Again, given the metering problem & transmission loss in water supply projects, it is difficult to estimate toilets being built/used.

3. Wastewater treatment:
At present, we have only 38% of sewerage water generated connected to sewerage treatment plants (STPs). So, even for urban areas, STP measurement may not be the correct measure.

4. It has been found that only 100% ODF communities can look forward significant reduction in diarrhea. While standards exist for provision of water for ablution, the actual consumption could differ (a low-flush would consume lesser water compared to regular flush toilet, for instance). So, water usage may not be the correct indicator.

There is difference between indoor sanitation, ODF (defined in the guidelines as toilets + safe disposal) and the advanced stages of completing the sanitation chain (viz., treatment and waste recovery).

A question reg ODF definition in the guidelines: ODF is defined to include safe technology option which means "no contamination of surface soil, ground water or surface water; excreta inaccessible to flies or animals; no handling of fresh excreta; and freedom from odour and unsightly condition)". If the technology option should not contaminate ground or surface water, will toilets connected to sewer systems that do not have a treatment plant (and hence pollute rivers) be considered unsafe technology? In which case, all these toilets would not get counted for ODF measurement purposes? If the Village Survey Questionnaire does not count "Toilet is connected to a closed drain which empties into open area, pond, nallahs, river etc. without treatment", how is it acceptable if a sewerage plant empties wastewater into a river?

Another question is whether the guidelines regarding questionnaire is fixed and should be adopted across all States. If States can change the questions, data definition and comparability of data between states could be a nightmare for the central govt's online database system. Also wondering if the online database has all these datafields - or would it be different.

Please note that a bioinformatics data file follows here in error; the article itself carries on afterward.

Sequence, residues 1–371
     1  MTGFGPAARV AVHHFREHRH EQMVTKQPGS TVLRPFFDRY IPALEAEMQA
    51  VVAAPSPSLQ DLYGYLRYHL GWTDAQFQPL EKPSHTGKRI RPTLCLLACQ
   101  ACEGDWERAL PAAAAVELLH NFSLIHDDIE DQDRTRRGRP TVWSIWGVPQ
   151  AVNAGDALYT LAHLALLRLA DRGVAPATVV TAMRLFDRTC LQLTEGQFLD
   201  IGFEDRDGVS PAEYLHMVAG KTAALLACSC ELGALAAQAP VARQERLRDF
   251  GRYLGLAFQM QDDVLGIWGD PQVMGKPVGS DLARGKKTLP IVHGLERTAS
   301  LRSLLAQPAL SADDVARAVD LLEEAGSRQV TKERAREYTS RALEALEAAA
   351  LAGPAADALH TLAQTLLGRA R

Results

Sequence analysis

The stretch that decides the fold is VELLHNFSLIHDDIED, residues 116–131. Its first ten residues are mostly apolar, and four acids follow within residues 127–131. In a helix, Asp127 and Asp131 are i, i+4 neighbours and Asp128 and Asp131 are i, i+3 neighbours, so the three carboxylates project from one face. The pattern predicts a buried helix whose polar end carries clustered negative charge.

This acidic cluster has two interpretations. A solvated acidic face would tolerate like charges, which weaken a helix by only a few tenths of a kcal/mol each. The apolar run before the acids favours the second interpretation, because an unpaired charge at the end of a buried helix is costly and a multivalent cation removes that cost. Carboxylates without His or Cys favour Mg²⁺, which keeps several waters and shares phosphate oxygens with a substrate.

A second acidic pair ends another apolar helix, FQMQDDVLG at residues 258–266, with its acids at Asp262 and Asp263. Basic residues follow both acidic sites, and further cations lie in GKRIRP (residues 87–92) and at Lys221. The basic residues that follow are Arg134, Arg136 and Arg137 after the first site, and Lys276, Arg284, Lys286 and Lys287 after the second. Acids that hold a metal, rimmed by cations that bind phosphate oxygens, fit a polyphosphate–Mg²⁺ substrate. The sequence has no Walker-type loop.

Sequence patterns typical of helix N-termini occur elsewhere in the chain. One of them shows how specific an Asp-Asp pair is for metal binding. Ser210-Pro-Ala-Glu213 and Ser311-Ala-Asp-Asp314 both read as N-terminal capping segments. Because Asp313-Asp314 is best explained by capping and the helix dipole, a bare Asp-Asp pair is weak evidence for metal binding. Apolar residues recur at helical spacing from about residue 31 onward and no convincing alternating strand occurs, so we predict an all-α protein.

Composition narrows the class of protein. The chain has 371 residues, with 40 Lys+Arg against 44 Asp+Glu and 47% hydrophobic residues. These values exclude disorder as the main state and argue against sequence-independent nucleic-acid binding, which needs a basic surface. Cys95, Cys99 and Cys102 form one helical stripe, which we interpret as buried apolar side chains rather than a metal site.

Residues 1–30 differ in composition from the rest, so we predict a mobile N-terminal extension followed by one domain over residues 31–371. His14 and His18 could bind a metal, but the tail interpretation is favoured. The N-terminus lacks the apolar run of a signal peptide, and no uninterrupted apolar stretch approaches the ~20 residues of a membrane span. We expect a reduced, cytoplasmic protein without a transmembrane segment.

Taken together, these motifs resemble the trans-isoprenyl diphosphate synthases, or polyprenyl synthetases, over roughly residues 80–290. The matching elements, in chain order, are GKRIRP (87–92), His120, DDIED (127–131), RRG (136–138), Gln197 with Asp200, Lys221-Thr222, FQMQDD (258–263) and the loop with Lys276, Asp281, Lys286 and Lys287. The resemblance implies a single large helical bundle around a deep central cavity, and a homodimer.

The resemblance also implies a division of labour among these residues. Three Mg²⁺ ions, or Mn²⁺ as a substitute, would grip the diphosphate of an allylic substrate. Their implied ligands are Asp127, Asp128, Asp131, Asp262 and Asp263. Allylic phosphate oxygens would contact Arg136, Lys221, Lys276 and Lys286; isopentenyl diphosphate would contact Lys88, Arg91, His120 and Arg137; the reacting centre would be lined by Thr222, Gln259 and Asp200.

Regards,
Sowmya
Sowmya Rajasekaran
Director
Verity SmartLife Solutions
www.veritysmartlife.com
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  • johnsonrhenius
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Re: Are all states using the model checklist provided by the Government of India for ODF verification? Are there any outliers?

States have developed ODF verification guidelines based on the guidelines developed by GOI. The challenge is that the focus of SBM G is on toilet and not behavior change. States do use the checklist but the slip backs may be huge. In Odisha though the same process is just initiated I know of a ODF declared block which has huge slip backs.
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  • hirudiaraj
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Re:

Dear Nitya,
Good that you have initiated the SuSanA forum.
The SBM initiative is very much appreciated along with the good progress of sanitation coverage since 2012. Many villages, blocks, districts and states have declared ODF status but the question is how will they sustain. Several states have been implementing the SBM on a target mode without giving due importance to Institutional arrangement to sustain the ODF status. Although behavior change or CLTS approach is adopted as a pre-requisite to construction of IIHL. Already several ODF villages or GP have started slipping back. The institutions such as the Nigrani committees /Vigilance committees formed during the process of ODF, do not function post ODF. Majority of the VWSCs are not active / non-functional due to various reasons.

Hence Institutional strengthening should be given the highest priority in order to sustain ODF status.

Hirudia Raj
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  • nityajacob
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Re: Are all states using the model checklist provided by the Government of India for ODF verification? Are there any outliers?

ODF is the mantra under this sanitation campaign. This is a welcome change from merely making toilets. Last year the Ministry of Drinking Water and Sanitation issued guidelines for declaring communities ODF that are comprehensive and realistic. The issue is who verifies, since methods existed earlier. The implementer and verification agency needs to be different since otherwise there is a tendency to report inaccurately. I feel panchayats should be made responsible and trained for reporting but not implementation. Construction of toilets by panchayats is already discouraged in many states. A better system for reporting is needed now to make it stronger and less prone to fudging such as using GPS for marking coordinates.

ODF itself is a means to an end, and should not become the end itself. While an important milestone, it is just that - a milestone towards improving the quality of life. The danger in making it an end means it will become another target, that should be avoided. Perhaps the end could be tangible such as a clean and green village where open defecation, drinking water and solid-liquid waste have been properly handled. The India Sanitation Coalition can provide a platform towards taking this concept further.